belongings serve as physical carriers of her hamingja. These
she brings with her to her wedding and their
might is shared with her husband and children, just as the might
of his hamingja-bearing treasures and gifts is shared with her
and their children. A statement from Tacitus confirms this. He
wrote that the bride accepted her gifts "with the understanding
that she is receiving things she is to hand on to her children,
unimpaired and in worthy state, which her daughters-in-law may
receive and which may be handed on again to grandchildren."
(Germania Ch. 18) (On the same principle, the arms and more masculine
goods given to a bride by her groom, even if she did not ever
use them herself, were expected to be held by her in trust and
honor. They were imbued with her hamingja while in her possession,
and then given to her grown sons with their hamingja and luck
increased by her motherly care and power.)
The term heimanfylgja has yet another connotation for the
Heathen mind, whether linguistically accurate in a literal sense
or not, though it is not discussed by Groenbech. The fylgja we
know as the fetch, a part of our soul-body complex that follows
behind us or walks before us during life, guides us through death
and the afterlife, and that may return to attach itself to another
born into our line, carrying with it the orlay we have laid during
our lifetimes. The Kinfylgja, often mentioned in the Sagas and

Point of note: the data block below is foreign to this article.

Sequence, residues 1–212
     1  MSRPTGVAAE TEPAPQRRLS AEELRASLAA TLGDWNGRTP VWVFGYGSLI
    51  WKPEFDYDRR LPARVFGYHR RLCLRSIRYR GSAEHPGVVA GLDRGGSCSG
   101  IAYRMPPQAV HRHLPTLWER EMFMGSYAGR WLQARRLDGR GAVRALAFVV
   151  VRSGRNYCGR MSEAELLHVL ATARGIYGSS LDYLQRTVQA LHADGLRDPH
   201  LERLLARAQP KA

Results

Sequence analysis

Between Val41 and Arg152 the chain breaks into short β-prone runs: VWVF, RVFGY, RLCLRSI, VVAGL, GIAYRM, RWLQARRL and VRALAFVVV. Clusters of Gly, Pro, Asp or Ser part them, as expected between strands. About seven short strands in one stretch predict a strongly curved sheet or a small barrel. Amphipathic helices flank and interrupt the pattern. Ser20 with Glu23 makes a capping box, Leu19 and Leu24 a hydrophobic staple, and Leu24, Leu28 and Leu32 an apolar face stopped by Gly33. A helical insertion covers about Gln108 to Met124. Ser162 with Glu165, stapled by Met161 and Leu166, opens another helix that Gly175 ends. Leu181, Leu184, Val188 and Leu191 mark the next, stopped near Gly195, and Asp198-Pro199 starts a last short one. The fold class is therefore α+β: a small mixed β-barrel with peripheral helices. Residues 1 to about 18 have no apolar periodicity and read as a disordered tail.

other lore, is the fetch of the family or kindred. Considering
the spiritual and material power of the home, perhaps it is not
too far-fetched (if one can excuse the pun) to understand the
heimanfylgja as being the "fetch of the home."
If such an entity exists, then it is logical to assume that
it will be rooted in the ancestral home, and then perhaps create
a daughter-fetch of itself to follow the bride from her family
home to the new home of her own. This heimanfylgja may be supposed
to bring with it the same things that the fetch in other forms
brings: the hamingja, luck and orlay of the home.
It makes sense, also, to associate this young heimanfylgja
with the luck of the bride, and realize how it needs to be protected
by all the measures that protect the bride, especially when it
comes to the bride's entry into her new home after the wedding.
For example, the custom of the groom carrying the bride over
the threshold stems from the fear that ill wights hiding under
threshold, or other forms of ill-luck, will cause the bride to
stumble as she enters her new home and spill out the luck she
bears. The result would be bad luck to herself and her whole
household. Many other customs relate to the "homing of the
bride" and the luck of the household, and might perhaps,
for modern Heathens, be meaningful ways for us to relate to our
What happened to the original understanding that marriage was
a fair and honorable bargain between groom, bride and all their
kinfolk: a bargain rich in hamingja, holiness and luck shared
by all who were associated with it? What happened to the idea